Variability in contaminant concentrations in American dipper eggs was largely explained by the bird's status as a resident on the main river or an altitudinal migrant on one of the watershed tributaries. Each group had significantly different levels of OC, PCB and Hg in their eggs, with residents showing higher concentrations of all contaminants measured, except Se. This trend was apparent despite the fact that the system is a single continuous watershed where distances separating migrant and resident dippers are relatively minor (< 1–15 km). Residents and migrants in the Chilliwack watershed are known to winter on the main river together, but the migrants move upstream onto the tributaries to breed (Morrissey 2003). Our data imply that contamination in eggs is largely determined by exposure on the breeding site, and that nutrients are deposited in the eggs primarily from recent dietary uptake. This finding is consistent with Ormerod, Tyler & Jüttner (2000), who suggested that eggs of the Eurasian dipper also reflected local sources of contamination. Most nutrients required for egg formation in passerines are not stored prior to laying but are gathered on a daily basis during the laying period (Perrins 1996). This is not unexpected given that egg formation in passerines is costly in terms of energy and nutrient requirements as the mass of the clutch can often equal or outweigh the female's own body weight (Perrins 1996). Therefore, recent dietary intake in dippers will largely influence contaminant levels in eggs, making them a useful biomonitor of local contamination.
Given that persistent lipophilic organic compounds bioaccumulate and biomagnify with increasing trophic levels (Connel 1990), dippers with a larger proportion of fish in their diet were expected to have greater exposure to chlorinated hydrocarbons than those primarily on an invertebrate diet. The results from the stable isotope data support this hypothesis, demonstrating that river residents were consuming a larger proportion of fish during the breeding season. In addition, log ΣDDT and log ΣOC in eggs were significantly correlated with the δ15N signature in blood of banded birds despite the limitations of sample size. These results are consistent with other studies where an increased δ15N signature was associated with a higher trophic level and subsequently higher contaminant burdens (Broman et al. 1992; Kidd et al. 1995; Jarman et al. 1996; Bearhop et al. 2000).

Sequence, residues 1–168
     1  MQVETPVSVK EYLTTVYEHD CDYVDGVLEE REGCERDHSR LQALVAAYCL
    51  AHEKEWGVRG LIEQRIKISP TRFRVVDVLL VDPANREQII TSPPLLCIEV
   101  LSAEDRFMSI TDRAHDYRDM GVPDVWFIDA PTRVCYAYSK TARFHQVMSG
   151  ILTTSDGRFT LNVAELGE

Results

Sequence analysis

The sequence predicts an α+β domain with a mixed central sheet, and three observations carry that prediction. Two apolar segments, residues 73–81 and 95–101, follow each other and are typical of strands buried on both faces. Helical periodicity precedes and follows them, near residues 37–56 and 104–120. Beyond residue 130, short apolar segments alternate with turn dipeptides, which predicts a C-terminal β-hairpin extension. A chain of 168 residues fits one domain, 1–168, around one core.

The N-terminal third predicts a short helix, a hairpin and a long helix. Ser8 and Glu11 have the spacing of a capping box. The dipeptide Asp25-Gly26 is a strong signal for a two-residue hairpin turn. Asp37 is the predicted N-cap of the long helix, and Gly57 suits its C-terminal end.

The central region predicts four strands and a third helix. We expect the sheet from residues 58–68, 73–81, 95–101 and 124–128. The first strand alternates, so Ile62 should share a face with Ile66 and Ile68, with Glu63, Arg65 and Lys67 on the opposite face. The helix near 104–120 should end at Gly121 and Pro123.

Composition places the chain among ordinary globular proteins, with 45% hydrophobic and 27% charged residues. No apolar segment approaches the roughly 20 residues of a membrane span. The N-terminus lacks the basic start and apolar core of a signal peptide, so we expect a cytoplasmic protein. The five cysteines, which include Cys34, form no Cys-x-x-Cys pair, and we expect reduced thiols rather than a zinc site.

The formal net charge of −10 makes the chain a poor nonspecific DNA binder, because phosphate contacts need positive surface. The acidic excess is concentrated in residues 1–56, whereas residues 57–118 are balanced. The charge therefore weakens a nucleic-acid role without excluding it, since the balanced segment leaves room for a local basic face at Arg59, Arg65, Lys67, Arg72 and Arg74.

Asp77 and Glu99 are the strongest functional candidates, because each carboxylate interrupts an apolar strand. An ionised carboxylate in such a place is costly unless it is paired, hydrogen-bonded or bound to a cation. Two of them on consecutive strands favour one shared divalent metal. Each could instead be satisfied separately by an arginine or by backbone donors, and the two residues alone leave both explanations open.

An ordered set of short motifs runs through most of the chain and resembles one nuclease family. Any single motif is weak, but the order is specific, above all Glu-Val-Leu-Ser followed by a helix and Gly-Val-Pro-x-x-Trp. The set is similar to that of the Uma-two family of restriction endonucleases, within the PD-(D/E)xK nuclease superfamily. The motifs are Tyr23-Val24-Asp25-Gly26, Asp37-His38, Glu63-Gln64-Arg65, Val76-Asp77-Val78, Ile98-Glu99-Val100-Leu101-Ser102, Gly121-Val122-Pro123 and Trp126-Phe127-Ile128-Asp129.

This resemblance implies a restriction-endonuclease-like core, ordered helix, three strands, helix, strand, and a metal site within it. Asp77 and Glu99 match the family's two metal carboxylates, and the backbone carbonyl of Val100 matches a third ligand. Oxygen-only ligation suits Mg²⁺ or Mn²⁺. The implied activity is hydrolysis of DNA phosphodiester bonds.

Differences in location between river residents and tributary migrants within the watershed may have further contributed to the observed contaminant trends. Patterns exist in watersheds with respect to stream ecosystem structure and function (e.g. the river continuum concept) that suggest a predictable transition from the headwaters to higher order reaches (Vannote et al. 1980). Changes occur in discharge, chemistry, allochthanous and autochthanous energy sources, species richness and biomass, along with increasing contaminant loads through atmospheric deposition from upstream to downstream (Giller & Malmqvist 2000). Atmospheric deposition can explain some of the variability in contaminant profiles between resident and migrant dippers. However, some contaminants, such as Hg and DDE, did not differ significantly in benthic invertebrate prey collected from river and tributary locations (Morrissey 2003). Instead, Hg and DDE were detected at a higher frequency and at higher concentrations in fish tissues compared with invertebrates. Additionally, PCB were not detected in any invertebrate samples regardless of location, but were detected in salmon fry, indicating fish are the primary source of exposure (Morrissey 2003). Therefore, variations in diet and available prey provide a mechanism by which breeding locations can affect contaminant exposure and uptake.
With the exception of Se, which was at or near the threshold level of 3 µg g dry weight−1 for reproductive toxicity (Lemly 1993), the levels of OC, PCB and Hg in dipper eggs were all relatively low and generally below levels known to cause toxicity (Beyer, Heinz & Redmon-Norwood 1996). Despite the low concentrations, many contaminants were detectable, with a highly significant trend existing among residents and migrants. This further emphasizes the utility of American dipper eggs in monitoring pollutants in watersheds. American dipper blood samples have also been used successfully to indicate lead pollution in a mine-impacted stream (Strom, Ramsdell & Archuleta 2002). Future studies using dippers as indicators of water quality are expected to emerge for monitoring anthropogenic impacts to watersheds and following stream restoration projects. However, consideration as to the differences in breeding location and feeding ecology of residents and migrants will be important in interpreting the sources of contaminant burdens.
blood and feather isotope analysis
Based on controlled laboratory studies of captive birds, whole blood is a useful tissue for stable isotope analysis because it incorporates both ingested and assimilated diet items over a window of 20–30 days (Hobson & Clark 1992; Bearhop et al. 2002). In passerines, this information can be used directly to identify the diet and nutrient sources at the time of egg formation, but it will depend on the timing of blood sampling and the diet consistency.